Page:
In conclusion, most current methods of preventing chronic GvHD have adversely impacted graft-versustumor effects thereby increasing the risk of relapse. In order to get around this problem, systemic, myeloablative conditioning regimens have been intensified for better tumor cell kill. However, this has increased the risk of short- and long-term toxicities. Also, high-intensity regimens cannot be tolerated in older patients. It remains to be seen whether in the future, high-dose systemic conditioning can be replaced by RIT that specifically destroy the malignant hematopoietic cells but spare normal tissues. In addition, vaccines to hematopoietic antigens or use of in vitro generated T cells that are cytotoxic for hematopoietic cells but not for target tissues involved in GvHD, might generate powerful graft-versus-tumor effects and reduce the risk of post-transplantation relapse.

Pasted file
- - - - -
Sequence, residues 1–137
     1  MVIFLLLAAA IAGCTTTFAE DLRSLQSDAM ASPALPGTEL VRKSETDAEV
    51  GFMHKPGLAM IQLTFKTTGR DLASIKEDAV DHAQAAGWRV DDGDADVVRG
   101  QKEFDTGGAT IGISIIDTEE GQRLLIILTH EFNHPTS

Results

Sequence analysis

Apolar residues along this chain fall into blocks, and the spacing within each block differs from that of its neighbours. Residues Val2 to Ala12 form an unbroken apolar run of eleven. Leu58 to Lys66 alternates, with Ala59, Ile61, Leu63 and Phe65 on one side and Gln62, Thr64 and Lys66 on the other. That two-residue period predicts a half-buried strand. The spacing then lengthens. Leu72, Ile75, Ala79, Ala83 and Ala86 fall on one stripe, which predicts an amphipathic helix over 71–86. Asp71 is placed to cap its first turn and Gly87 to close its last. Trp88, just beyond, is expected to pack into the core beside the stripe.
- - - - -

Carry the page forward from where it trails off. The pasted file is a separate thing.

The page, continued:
- Received July 30, 2020
- Accepted September 25, 2020
Support funding: This work was supported by NIH grants P01 CA078902, P30 CA015704 from the National Cancer Institute and P01 HL122173 from the National Heart, Lung, and Blood Institute. The content is solely the responsibility of the authors and does not necessarily represent the official views of the National Institutes of Health, which had no involvement in the study design; the collection, analysis and interpretation of data; the writing of the report; nor in the decision to submit the article for publication.
The authors wish to thank Helen Crawford for her assistance with manuscript and figure preparation.